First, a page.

Dave 88 - on 22 Nov 2016
In reply to robhorton:

There's a difference between structurally safe, and being able to support load in a direction not intended though.

Maybe see if a locally based structural engineer will help you out for free, seeing as it's for charity.
marsbar - on 23 Nov 2016
In reply to Jamie Wakeham:

Sounds like getting hold of the firm that did the repointing is a good idea, if they already have the paperwork it shouldn't be too difficult for them to help you.
Jamie Wakeham - on 23 Nov 2016
In reply to Jamie Wakeham:

Thanks all. A couple of discussions I've had with UKCers by email have made it clear to me that what I need is an IRATA L3 who can sign off the anchors, parapet, crenellations etc as suitable - their insurance as an IRATA will cover failure of any of that. Then I as the SPA do the actual chucking victims over the edge part.

tallsteve - on 23 Nov 2016
In reply to Jamie Wakeham:

Church bells typically weight around 1 metric ton - a tenor bell can easily weigh in a 1.6 tons. They swing a full 360 degrees. When you stand near the top of a tower when they ring the tower sways from side to side. Yep, a solid stone tower swaying - its a seriously freaky feeling! If the bells in the tower are rung regularly the Tower Captian will be responsible for maintenance of the wooden structures. These structures are incredibly strong due to the forces they need to deal with. If you can belay to these you're onto a good thing. A couple of stainless steel bolts are like blades of grass by comparison.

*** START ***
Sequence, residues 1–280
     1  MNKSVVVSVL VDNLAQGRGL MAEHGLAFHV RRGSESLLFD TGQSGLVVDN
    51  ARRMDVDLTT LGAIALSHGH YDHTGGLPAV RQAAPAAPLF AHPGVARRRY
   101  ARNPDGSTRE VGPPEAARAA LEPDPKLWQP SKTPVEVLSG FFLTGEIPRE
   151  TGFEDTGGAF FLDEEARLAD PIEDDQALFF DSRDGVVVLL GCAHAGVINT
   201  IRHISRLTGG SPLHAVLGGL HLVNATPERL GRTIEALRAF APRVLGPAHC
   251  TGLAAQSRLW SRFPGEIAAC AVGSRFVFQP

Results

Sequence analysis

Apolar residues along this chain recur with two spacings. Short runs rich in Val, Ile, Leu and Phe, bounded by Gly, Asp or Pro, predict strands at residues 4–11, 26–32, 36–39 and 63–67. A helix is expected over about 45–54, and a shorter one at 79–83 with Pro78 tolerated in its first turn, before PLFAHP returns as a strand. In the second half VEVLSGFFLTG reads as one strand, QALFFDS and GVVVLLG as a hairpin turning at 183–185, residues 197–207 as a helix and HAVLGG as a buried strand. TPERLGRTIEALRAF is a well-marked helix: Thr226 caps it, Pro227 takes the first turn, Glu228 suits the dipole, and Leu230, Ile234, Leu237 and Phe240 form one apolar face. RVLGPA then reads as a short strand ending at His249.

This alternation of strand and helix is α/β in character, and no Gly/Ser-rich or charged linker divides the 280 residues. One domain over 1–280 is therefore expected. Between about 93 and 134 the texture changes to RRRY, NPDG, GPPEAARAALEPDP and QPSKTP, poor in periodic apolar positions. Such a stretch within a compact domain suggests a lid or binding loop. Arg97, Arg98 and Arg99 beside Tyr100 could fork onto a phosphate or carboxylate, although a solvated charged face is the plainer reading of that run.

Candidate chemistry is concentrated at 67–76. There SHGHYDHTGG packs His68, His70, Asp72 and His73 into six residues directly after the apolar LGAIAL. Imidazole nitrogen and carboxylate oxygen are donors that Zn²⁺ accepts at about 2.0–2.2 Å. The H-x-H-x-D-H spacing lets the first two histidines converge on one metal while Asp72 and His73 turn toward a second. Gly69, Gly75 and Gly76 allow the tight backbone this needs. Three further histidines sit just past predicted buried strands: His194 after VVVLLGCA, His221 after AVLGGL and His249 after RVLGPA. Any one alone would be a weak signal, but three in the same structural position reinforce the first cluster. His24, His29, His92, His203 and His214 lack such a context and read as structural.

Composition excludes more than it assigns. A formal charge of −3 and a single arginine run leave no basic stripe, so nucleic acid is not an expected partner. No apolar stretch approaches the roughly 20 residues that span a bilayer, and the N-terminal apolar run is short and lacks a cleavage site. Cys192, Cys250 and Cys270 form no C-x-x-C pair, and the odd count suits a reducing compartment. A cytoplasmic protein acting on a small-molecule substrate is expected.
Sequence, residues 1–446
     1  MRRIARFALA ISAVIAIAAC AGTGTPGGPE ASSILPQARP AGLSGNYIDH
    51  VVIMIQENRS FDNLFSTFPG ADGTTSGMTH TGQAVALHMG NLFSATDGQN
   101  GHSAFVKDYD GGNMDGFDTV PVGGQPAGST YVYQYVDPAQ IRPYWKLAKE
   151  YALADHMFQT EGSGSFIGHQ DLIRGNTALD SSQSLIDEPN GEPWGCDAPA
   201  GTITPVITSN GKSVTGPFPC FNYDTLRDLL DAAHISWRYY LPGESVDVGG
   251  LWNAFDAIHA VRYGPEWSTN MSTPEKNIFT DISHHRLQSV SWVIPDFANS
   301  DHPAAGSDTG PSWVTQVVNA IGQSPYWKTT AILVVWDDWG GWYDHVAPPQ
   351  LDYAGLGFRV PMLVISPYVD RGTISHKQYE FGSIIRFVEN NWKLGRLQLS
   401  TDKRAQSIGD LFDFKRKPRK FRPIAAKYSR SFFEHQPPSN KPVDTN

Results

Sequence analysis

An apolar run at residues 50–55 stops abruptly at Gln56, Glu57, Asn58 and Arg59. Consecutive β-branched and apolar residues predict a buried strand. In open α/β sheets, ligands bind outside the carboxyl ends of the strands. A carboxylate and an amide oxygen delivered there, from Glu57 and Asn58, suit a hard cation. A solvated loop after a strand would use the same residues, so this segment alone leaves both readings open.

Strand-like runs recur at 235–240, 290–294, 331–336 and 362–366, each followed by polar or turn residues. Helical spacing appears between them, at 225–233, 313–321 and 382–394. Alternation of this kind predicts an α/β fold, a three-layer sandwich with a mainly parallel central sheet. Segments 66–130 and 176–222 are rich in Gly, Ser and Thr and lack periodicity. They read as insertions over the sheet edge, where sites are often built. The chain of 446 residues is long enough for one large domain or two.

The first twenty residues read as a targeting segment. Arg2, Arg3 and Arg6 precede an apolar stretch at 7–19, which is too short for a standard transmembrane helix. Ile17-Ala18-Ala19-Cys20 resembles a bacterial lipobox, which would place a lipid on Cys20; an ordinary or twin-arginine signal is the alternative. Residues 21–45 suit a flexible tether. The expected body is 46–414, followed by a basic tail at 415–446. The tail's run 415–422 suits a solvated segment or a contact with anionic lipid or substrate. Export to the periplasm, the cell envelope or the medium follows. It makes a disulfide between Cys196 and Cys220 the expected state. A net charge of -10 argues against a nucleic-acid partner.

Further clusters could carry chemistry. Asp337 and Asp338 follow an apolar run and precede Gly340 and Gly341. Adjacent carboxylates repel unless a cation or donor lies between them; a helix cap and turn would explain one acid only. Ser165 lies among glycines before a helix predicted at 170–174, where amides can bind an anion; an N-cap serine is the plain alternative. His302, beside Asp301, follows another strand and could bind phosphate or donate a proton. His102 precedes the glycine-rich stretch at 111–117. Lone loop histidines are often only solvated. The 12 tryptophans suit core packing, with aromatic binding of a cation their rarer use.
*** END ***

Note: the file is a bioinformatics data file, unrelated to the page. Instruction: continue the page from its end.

If its a big church there's bound to be various engineers and surveyors in the congregation. Ask around, they can advise. The Church Captain may already use someone from the congregation. He/She is your main wo/man for all things tower related so get in contact.
tallsteve - on 23 Nov 2016
In reply to Jamie Wakeham:

p.s. Your bigest risk factor is probably the stairs. If the are wooden then they won't be designed for public access and are less well maintained than the bell structure, and will have huge gaps a small adult or child could fall through. If you're lucky you'll have a stone spiral staircase. Assess the stairs as part of your H&S assessment. I suggest you avoid queing on the stairs themselves. A walkie talkie is your friend here.
EddInaBox on 23 Nov 2016
In reply to tallsteve:

> If the bells in the tower are rung regularly the Tower Captian will be responsible for maintenance of the wooden structures. These structures are incredibly strong due to the forces they need to deal with. If you can belay to these you're onto a good thing.